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The life and death of Boris Berezovsky should serve as a cautionary tale

Comparing the fate of the Russian oligarch and the life of Pope Francis is sad but instructive

By on Wednesday, 27 March 2013

Boris Berezovsky (Photo: PA)

March has seen the dramatic life changes of two very different men: the former Cardinal Jorge Mario Bergoglio of Buenos Aires who has been elected Pope Francis and the catastrophic end to the life of the former Russian oligarch, Boris Berezovsky.

Reading all the recent news items about our new Holy Father and the obituaries of Berezovsky, I could not help comparing these two personalities: the first who followed his vocation into the rigorous Jesuit Order and who, despite his rise in the ranks of the hierarchy, has always tried to lead a simple, unostentatious lifestyle, and the second, who rose from obscurity as a maths professor, amassed an enormous fortune, and who met his death in his mansion in Surrey.

Berezovsky is a tragic figure. After the collapse of the Soviet Union he, along with a handful of others, such as football-loving Roman Abramovich (who eventually proved his nemesis) cashed in on the spoils, effectively looting the vast country of its wealth. As his Times obituary comments, “It was a cut-throat business, in which corruption, fraud and violence played significant roles.” According to this same obituary, by 1997 Forbes magazine estimated he was worth $3 billion.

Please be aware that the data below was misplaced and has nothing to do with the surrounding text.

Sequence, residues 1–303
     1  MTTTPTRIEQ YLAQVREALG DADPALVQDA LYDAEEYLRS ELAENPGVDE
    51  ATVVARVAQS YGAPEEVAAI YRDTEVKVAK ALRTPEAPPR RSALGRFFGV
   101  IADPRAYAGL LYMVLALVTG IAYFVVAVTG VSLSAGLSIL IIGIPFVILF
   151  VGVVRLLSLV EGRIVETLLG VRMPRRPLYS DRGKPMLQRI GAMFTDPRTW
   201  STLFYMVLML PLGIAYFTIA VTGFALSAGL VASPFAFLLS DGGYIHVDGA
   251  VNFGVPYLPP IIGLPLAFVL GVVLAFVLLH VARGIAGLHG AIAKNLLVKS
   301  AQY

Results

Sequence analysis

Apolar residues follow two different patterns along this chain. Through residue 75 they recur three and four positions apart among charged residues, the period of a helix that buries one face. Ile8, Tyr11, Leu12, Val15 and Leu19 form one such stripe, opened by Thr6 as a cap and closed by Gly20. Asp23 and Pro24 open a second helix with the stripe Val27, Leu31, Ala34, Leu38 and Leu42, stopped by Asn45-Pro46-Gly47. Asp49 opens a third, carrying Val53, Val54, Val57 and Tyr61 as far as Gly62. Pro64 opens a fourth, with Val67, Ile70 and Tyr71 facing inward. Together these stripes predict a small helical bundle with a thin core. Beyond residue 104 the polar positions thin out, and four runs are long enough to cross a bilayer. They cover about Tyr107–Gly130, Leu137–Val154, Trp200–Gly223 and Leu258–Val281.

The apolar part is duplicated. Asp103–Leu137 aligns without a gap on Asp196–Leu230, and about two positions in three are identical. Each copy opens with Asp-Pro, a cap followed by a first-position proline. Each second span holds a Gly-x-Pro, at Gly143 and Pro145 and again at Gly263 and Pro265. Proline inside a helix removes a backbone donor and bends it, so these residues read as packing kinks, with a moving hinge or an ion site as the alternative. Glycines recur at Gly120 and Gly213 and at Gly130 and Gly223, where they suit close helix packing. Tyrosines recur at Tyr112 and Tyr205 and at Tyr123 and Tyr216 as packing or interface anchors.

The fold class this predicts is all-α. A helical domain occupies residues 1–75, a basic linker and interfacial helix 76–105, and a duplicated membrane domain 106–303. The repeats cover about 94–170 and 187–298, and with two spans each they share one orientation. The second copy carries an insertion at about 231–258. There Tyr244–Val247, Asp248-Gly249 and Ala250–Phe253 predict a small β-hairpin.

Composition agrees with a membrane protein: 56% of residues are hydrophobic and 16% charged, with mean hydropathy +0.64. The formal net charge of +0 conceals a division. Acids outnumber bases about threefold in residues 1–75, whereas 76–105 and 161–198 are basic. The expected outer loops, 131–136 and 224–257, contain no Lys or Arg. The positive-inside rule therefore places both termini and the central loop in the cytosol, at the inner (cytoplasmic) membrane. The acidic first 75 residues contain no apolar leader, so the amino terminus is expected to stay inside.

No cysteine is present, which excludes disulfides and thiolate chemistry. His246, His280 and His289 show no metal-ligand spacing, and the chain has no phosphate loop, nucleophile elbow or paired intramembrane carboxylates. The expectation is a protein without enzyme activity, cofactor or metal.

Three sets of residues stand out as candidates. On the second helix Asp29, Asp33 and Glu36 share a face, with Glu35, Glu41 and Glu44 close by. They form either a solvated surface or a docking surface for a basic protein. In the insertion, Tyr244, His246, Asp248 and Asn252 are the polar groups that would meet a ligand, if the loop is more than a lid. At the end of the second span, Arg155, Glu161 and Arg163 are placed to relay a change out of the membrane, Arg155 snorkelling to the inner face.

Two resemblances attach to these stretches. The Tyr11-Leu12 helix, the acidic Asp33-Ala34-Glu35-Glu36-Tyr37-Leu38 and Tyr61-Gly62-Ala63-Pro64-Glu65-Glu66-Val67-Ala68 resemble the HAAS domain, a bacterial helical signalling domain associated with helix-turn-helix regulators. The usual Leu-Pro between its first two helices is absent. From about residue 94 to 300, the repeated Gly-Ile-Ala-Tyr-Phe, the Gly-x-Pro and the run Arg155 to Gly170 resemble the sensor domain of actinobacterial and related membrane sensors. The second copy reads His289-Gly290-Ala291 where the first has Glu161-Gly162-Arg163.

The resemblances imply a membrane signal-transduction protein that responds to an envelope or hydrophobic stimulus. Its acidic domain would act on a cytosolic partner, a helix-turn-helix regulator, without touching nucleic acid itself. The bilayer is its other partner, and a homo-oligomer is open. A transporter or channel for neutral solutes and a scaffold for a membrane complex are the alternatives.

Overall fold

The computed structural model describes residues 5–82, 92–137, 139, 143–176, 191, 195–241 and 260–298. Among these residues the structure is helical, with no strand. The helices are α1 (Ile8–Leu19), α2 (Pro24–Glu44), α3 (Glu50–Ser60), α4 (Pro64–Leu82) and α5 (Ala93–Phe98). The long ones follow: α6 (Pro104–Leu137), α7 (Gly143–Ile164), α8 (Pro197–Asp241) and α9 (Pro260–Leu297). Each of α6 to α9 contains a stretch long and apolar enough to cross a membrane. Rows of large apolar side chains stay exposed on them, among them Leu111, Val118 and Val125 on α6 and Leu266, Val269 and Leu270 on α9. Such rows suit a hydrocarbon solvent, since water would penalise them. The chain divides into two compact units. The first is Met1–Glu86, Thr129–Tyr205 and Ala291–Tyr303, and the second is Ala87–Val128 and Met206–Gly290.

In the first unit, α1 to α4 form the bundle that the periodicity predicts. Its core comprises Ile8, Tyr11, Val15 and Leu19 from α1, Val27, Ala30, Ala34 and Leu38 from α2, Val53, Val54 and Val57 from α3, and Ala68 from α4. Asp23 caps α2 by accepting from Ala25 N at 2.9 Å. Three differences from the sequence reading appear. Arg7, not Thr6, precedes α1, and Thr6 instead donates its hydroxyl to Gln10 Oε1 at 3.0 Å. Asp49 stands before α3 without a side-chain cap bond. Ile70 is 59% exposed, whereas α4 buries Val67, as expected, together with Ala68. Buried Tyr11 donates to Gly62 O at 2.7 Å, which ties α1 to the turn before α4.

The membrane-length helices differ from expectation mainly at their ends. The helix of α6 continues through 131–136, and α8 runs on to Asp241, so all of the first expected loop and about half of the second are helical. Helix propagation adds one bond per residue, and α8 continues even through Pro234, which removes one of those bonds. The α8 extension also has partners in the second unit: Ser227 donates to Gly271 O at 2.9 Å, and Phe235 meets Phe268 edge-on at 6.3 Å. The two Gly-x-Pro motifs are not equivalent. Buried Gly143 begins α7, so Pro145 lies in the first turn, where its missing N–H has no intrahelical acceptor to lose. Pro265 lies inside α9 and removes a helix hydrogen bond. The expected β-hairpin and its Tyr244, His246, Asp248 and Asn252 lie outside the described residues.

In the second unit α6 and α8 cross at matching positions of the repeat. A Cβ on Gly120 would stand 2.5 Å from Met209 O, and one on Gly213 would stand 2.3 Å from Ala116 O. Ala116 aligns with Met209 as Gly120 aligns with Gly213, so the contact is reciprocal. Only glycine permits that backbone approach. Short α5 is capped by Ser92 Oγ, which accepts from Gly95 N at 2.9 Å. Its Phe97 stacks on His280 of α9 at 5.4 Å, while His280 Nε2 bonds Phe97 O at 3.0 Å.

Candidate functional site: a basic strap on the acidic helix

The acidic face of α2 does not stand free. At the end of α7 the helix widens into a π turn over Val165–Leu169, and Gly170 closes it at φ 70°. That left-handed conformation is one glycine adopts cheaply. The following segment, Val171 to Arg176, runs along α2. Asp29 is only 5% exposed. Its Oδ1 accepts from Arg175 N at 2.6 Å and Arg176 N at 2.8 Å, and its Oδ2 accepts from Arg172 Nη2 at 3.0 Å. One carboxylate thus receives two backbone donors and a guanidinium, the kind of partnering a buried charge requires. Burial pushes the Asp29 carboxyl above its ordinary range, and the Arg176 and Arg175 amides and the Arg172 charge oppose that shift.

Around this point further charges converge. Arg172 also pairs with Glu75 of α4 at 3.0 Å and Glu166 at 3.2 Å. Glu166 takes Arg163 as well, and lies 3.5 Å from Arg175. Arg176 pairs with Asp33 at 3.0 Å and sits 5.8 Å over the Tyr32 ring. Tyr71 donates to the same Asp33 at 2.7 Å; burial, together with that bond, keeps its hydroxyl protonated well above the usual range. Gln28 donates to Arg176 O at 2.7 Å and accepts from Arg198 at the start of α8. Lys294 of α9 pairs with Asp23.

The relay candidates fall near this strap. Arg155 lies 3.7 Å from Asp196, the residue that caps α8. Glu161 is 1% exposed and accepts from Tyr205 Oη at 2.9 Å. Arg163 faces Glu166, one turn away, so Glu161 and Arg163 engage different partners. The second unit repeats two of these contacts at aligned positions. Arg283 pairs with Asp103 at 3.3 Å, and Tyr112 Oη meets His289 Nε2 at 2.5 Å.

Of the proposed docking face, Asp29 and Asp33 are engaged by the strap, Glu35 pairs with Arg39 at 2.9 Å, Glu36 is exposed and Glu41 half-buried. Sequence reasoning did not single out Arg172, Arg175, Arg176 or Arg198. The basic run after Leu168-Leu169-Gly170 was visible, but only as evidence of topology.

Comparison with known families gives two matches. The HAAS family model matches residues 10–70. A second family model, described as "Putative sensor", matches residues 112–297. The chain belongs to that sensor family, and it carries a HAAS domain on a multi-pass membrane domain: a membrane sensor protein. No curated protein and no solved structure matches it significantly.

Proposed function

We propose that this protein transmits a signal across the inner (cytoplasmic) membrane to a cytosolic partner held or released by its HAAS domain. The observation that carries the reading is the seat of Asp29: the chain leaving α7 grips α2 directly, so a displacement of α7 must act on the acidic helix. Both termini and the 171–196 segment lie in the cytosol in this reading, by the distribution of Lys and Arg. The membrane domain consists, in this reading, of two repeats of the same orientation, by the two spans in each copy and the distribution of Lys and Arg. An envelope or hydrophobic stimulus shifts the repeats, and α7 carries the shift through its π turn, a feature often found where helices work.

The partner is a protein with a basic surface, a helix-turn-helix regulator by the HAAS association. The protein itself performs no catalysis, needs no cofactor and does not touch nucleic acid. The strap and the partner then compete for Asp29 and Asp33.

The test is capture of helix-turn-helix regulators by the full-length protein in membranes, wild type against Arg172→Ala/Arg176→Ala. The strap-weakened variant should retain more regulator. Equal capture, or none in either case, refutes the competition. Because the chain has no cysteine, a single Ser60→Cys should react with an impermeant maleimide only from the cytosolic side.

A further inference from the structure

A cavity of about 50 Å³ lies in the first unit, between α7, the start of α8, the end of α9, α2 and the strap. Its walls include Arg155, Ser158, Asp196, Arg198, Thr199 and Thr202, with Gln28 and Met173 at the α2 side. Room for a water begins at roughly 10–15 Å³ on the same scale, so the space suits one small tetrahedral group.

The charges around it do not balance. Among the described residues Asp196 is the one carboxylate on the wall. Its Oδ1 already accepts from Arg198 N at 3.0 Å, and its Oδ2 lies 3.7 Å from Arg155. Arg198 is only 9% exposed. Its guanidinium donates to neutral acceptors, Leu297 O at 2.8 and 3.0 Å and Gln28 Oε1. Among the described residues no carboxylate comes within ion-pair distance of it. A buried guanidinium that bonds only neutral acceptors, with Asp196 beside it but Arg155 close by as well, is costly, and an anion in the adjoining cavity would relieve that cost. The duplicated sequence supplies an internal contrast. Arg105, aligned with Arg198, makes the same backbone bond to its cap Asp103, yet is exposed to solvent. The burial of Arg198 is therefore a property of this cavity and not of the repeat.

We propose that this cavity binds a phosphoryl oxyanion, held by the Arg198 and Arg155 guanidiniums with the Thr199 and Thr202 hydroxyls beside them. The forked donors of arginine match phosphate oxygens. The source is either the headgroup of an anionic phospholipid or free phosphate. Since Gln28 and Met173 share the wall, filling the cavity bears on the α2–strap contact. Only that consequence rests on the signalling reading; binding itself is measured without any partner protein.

His fortune bought him great influence over the ailing Russian President, Boris Yeltsin, and the temptations of power-mongering made him support the political ambitions of Yeltsin’s heir, Vladimir Putin. When Putin (predictably, one thinks in hindsight) then repudiated him he came to live in exile in England. Yet he never recovered from the betrayal of the man he had helped to power. He also grieved at his permanent exile from the country he loved. Although he owned several properties worth millions, both here and abroad, alongside a posse of bodyguards and flunkeys, his domestic life was increasingly unhappy. He became estranged from the mothers of his six children and after losing spectacularly his court case against Abramovich last year he was also heavily in debt. It seems that at the time of his untimely death he was living alone, apart from a single bodyguard. His trajectory has echoes of Shakespeare’s Timon of Athens: the glitz, the power, the parties – and the ultimate hollowness behind all purely worldly ambitions.

Berezovsky’s life contrasts starkly with that of Bergoglio, the quiet boy from a working-class suburb of Buenos Aires who, as Pope, has taken the name of St Francis of Assisi, the saint always associated with voluntary poverty of a radical kind. Unlike the self-aggrandising Russian oligarch, the Pope has lived a life of service towards others, exercising a loving and self-sacrificing ministry. This flows naturally from his Christian faith.

In his Letter to Catechists for 2012, written as Archbishop of Buenos Aires and publicised by Catholic World Report for March 21, he writes, “Joy is the door for the proclamation of the Good News and also for the consequence of living in faith…This Christian joy is a gift of God that springs naturally from the personal encounter with the Risen Christ and faith in him.”